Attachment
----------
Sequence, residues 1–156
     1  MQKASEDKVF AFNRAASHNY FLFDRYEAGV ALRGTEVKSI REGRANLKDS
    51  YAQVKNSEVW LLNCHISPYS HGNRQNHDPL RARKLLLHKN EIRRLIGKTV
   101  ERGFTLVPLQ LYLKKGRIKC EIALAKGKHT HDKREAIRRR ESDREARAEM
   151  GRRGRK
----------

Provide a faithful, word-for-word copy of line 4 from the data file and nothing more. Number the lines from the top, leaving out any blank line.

   101  ERGFTLVPLQ LYLKKGRIKC EIALAKGKHT HDKREAIRRR ESDREARAEM